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Re: Aquatic Plants Digest V3 #323

In Aquatic Plants Digest V3 #323, Tom Wood asked:

>I'm still experimenting with this PMDD plenum tank and it's starting to
>respond.  When I set it up I mixed Dupla laterite in the lower part of the
>gravel, just above the plenum.  After reading the archive discussions on CECs
>of various materials, I'm wondering if I should attempt to add some such
>material to the plenum space.  The reasoning being that water movement 
>the plenum would carry water borne nutrients which would attach to laterite
>(for example) in the plenum and help hold ithe nutrients away from algae in
>the water column and next to any roots that make their way to the plenum
>space. ...<snip>

I would go carefully with this approach if I tried it (in a test tank 
only, not a show tank)- it changes the nature of the plenum drastically.

On second thought, I'll qualify that to "it changes the _volume_ of the 
plenum drastically".

On third thought, I'll leave thoughts 1 and 2 in because they may both be 

My understanding is that the plenum processes are driven by diffusion - 
there is a significant water volume below the substrate that receives 
water only through the substrate. The makeup of the water coming through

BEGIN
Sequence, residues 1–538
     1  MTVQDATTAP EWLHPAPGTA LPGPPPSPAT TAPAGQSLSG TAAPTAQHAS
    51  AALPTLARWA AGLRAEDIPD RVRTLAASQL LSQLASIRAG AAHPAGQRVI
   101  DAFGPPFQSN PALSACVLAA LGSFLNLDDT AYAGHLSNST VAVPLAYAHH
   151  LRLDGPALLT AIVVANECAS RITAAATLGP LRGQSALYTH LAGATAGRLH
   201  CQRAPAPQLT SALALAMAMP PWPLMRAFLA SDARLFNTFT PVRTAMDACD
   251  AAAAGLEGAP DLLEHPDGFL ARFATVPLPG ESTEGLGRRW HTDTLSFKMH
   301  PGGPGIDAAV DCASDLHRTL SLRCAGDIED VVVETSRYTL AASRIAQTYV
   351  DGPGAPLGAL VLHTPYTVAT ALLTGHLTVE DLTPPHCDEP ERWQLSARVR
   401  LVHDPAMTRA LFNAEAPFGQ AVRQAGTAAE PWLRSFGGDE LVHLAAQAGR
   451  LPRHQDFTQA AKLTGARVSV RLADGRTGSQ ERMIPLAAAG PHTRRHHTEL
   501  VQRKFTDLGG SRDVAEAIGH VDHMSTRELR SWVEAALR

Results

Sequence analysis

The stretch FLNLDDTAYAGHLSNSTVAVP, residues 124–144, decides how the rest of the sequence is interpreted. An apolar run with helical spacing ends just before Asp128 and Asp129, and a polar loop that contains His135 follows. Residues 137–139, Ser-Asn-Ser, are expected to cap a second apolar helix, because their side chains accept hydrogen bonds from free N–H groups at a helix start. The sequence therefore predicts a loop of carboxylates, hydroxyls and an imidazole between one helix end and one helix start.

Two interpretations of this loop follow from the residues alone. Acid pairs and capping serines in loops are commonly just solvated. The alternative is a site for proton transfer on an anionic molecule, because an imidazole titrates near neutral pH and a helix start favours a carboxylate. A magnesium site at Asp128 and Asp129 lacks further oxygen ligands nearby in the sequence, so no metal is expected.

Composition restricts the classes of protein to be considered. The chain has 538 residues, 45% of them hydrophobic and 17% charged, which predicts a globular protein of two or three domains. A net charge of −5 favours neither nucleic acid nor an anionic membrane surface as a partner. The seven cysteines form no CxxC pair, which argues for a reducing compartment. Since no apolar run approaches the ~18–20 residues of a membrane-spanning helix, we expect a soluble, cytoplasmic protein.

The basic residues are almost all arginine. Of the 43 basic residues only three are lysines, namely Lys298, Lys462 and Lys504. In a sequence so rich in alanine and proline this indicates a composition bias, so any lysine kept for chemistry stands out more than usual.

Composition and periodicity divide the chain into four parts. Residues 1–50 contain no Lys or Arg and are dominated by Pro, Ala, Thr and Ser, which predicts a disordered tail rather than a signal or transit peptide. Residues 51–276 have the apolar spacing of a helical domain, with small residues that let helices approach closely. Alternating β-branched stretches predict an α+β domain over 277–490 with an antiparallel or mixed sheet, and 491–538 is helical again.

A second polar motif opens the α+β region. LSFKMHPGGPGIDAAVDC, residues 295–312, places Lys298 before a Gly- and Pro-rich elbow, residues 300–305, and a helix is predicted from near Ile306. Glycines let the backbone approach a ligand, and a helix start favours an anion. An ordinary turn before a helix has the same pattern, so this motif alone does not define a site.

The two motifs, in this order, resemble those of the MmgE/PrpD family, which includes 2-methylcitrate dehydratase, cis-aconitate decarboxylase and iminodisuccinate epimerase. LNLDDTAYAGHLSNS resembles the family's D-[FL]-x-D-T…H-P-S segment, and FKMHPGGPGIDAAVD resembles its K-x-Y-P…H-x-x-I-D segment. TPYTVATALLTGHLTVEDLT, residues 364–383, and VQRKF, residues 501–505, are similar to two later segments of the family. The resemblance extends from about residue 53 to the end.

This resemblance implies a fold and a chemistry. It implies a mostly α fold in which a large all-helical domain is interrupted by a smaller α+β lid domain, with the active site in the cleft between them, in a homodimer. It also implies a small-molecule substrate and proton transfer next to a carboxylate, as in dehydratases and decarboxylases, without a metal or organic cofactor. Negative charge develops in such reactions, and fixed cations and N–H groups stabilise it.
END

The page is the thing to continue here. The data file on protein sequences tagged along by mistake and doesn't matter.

the substrate has been changed from that in the water column above due to 
processes occurring in the substrate (including nutrient uptake by roots 
and at cation bonding sites, as well as some biological filtration 
processes) so an analysis of the plenum water will be different to that 
of water above the substrate. Since both water spaces are connected (it's 
only one body of water really), the whole body of water "attempts" to 
reach a uniform state by water from the tank space flowing to the plenum 
and vice versa, in order to mix the contents. The slowness of the flow 
rate through the substrate, and the processes occurring in the substrate 
during the flow, prevent mixing to uniformity. In terms of water flow, we 
could think of it almost like a free pump.

I think that the volume of the plenum is one of the factors driving the 
flow process. In the reef tank material I've read, the minimum height of 
the plenum is critical and, seeing there's nothing in it, that 
effectively sets a minimum volume. Place something in it and you reduce 
the water volume in the plenum. You could compensate by increasing the 
height if that is the only change introduced by adding some material.

I suspect that the oxygen levels in the plenum are lower than in the 
substrate which are definitely lower than in the water above the 
substrate. Biological processes _will_ occur in whatever you put inside 
the plenum, and they will be different processes to those occurring in 
the substrate because of the lower oxygen levels (different bacteria will 
be supported by different conditions). I don't know whether those 
processes will be beneficial or harmful to your tank. I only know one way 
to find out, and it may or may not be pleasant.

David Aiken (AGA member)